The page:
Coronavirus: What’s Fact and What’s Fiction

For many years, scientists have been saying that humanity is overdue for a major pandemic. Maybe that’s why people are freaking out over Coronavirus, or COVID-19. Stores say that hand sanitizer is flying off the shelves and medical face masks are going for a pretty penny online. With all the media attention, it’s hard not to think that we should panic. Every day there seems to be new information that conflicts with what we’ve previously heard. Let’s talk about Coronavirus – what’s fact and what’s fiction.

Note: You can get up-to-date information at both CDC.gov and WHO.int. 

FACT: Coronavirus seems to have started in China

While the virus indeed seems to have come from Wuhan, China, that doesn’t mean that Asian people are all carrying Coronavirus. Sadly, there are reports of Asian people, not just those of Chinese descent, facing harassment and threats. It has caused a few deaths here in North America, but, for now, seems to be somewhat contained, though this could change.

FICTION: Corona beer sales have dropped because everyone associates it with Coronavirus

Though it’s apparently true that Corona beer sales have gone down in China, the real story is that ALL beer brands there are seeing sluggish sales at the moment. This is because people are staying home and not socializing as much as they normally would. However, some surveys indicate that people here in the States are erroneously conflating Corona beer with Coronavirus.

FACT: Hand washing is the best way to fight Coronavirus

For the time being, the CDC says that good ol’ soap and water is the best way to prevent the spread of Coronavirus. If you have a choice, don’t travel to any area where there is a current outbreak. Other tips are to use basic good hygiene – avoid people who are coughing and sneezing (but don’t be mean – they could just have a cold), and if you have to sneeze, cover your mouth and nose with a tissue or the crook of your elbow instead of your hand.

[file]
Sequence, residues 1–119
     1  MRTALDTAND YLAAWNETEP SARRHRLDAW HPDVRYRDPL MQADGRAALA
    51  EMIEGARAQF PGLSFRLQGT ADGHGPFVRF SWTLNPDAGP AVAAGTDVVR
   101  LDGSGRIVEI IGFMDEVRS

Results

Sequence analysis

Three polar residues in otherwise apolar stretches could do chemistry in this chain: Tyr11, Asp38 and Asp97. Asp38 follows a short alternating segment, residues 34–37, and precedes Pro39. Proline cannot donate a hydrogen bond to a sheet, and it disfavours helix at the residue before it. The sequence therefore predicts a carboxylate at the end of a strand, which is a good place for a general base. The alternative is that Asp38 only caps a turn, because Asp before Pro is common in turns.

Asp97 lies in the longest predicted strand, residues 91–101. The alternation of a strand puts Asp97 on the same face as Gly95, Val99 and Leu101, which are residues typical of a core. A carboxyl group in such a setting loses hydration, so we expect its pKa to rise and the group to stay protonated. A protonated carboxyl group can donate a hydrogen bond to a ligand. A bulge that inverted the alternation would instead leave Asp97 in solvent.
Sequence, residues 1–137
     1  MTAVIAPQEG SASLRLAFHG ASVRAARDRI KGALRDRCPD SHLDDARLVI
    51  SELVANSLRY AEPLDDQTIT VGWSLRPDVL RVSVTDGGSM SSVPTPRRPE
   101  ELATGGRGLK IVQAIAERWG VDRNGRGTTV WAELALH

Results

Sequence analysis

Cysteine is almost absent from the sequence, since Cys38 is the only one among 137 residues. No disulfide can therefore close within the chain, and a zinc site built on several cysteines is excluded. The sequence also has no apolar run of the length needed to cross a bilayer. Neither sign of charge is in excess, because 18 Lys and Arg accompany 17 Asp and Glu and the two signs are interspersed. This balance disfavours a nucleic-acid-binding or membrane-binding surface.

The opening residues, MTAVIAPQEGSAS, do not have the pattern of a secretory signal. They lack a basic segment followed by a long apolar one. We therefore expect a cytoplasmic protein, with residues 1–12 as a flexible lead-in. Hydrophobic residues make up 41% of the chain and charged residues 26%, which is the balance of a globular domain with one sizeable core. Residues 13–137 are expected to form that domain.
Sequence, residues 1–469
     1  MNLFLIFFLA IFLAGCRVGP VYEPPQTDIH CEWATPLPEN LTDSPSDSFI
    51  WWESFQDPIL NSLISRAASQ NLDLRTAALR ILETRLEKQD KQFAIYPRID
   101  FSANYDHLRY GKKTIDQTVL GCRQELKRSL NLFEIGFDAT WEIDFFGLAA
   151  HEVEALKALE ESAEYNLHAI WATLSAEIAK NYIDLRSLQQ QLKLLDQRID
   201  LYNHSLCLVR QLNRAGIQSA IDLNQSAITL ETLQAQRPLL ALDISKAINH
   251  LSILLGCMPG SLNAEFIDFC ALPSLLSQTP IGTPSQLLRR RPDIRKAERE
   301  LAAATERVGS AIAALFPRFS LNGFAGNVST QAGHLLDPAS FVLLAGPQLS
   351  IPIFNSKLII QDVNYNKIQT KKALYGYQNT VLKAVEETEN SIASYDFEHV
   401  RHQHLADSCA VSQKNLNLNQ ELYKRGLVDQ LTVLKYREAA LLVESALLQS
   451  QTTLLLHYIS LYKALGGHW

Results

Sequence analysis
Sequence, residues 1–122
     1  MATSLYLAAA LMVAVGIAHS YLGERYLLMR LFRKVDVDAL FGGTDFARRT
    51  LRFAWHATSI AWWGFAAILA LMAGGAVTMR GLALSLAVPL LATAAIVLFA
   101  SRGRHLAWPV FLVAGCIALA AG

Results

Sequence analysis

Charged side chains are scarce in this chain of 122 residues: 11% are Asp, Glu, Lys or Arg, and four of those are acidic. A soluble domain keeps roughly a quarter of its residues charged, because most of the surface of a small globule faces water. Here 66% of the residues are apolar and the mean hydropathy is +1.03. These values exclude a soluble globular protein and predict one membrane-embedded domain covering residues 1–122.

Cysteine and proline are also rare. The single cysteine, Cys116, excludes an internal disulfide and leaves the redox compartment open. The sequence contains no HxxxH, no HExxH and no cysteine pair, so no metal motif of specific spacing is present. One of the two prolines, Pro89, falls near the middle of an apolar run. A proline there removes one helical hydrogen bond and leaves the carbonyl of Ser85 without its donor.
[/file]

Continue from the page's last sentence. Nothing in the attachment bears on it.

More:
FICTION: Hand sanitizer is just as good as washing your hands

It’s not that hand sanitizer is useless. It’s just that it’s not a replacement for hand washing. Sanitizer that is made of at least 60% alcohol kills the germs, but doesn’t get them OFF your hands, the way that washing does. It’s best for people whose hands are already relatively clean. That means if your hands have dirt or grease on them, hand sanitizer won’t cut it. You can use sanitizer in a pinch, but if you’ve got the option, just wash your hands.

FACT: Coronavirus is killing the elderly and people with underlying health conditions such as diabetes or high blood pressure

Most of the fatalities thus far seem to be in the above demographic. Even kids seem to be surviving. Some estimates say that, while not as many people have been infected with Coronavirus as compared to, say, the flu, a higher percentage of people are dying. But even that estimate may be off, as officials suspect that not everyone is reporting that they’re sick, as the symptoms can be mild for people who are reasonably healthy. Other research indicates that while it’s not killing as many people, it is much more contagious meaning it could end up infecting more people, thus resulting in more fatalities in the long run.

FICTION: Everyone should be wearing face masks

Face masks actually don’t do much for healthy people. The CDC really only recommends them for people who are actually sick with Coronavirus. If you happen to live with someone who has Coronavirus, that may be a different story. Check with local health resources to be sure. But for now, most people don’t need face masks.

All in all, the best thing that any of us can do is check trusted health sources and practice good hygiene. If you’re particularly concerned, make a plan for child care (if you need it) and find out about possible work-from-home options you could use if you needed to be quarantined for a couple of weeks. You could even stock up on some nonperishable food items just to put your mind at ease. Keep in mind that there’s a lot of fact and fiction around Coronavirus. We don’t seem to be at “PANIC” level yet, but staying alert is never a bad strategy.

Published by Hot Mess Press